And in the same vein, I shall try my utmost and dedicate time and energy to it so that the curse of racism disappears from our sport. It is debasing, it is disgusting and it is a vile mental state that is displayed in far too many matches around Europe. We must and shall try our best to put an end to this sickening curse.

If there was one thing you could change in the English game, again, what and why?

The foremost thing I would want to have changed is to reduce the number of Premiership clubs. This would allow for less games, for more regeneration time for players between games and for less injuries and more excitement, and also more time for fans to recuperate.

What is the best thing about English football?

Its quality, its excitement and its fanbase which is unique around the world.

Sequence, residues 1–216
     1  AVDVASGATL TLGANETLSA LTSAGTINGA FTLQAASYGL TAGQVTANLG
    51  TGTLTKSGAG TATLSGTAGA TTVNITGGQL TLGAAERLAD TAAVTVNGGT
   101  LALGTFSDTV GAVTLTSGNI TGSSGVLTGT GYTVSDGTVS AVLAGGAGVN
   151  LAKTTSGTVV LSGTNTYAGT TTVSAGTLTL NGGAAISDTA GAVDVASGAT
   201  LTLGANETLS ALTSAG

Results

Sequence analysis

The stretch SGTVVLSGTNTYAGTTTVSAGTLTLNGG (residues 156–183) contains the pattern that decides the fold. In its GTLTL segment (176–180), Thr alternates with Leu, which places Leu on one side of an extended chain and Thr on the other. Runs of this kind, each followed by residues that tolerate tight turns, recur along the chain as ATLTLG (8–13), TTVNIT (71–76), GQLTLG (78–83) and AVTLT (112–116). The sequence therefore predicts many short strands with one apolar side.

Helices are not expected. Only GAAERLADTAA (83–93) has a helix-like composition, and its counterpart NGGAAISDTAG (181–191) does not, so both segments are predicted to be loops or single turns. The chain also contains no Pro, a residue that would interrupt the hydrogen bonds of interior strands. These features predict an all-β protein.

FC United have a reputation for singing throughout the game and have many different songs. What is the funniest song you have heard at a football match?

I think I'll have to pass on this one. Next thing I would be branded as a staunch fan of this or that club (smiles).

Is there anything that FIFA can do to help supporters have more of a say in how their football clubs are run?

Quite frankly, no. Also, FIFA would not want to be involved in matters of a national or local nature that is so very different from one country to the other. Each society, every culture has its very specific qualities and all are different. That is why an approach in Spain will often not work in Germany or France. And because there are so many differences, our international tournaments are so exciting and reflect millions of different approaches. I welcome that.

Should there be a fit and proper person test for anyone wishing to take over a football club?

Unreservedly and absolutely yes. And that, over and above the safeguards which already exist - in the UK, it is the Financial Services Commission which scrutinizes such matters. In other countries or at European level there are similar entities, such as the UEFA licensing system. And of course FIFA has its own Task Force which shall, over time, establish relevant guidelines for such instances and beyond.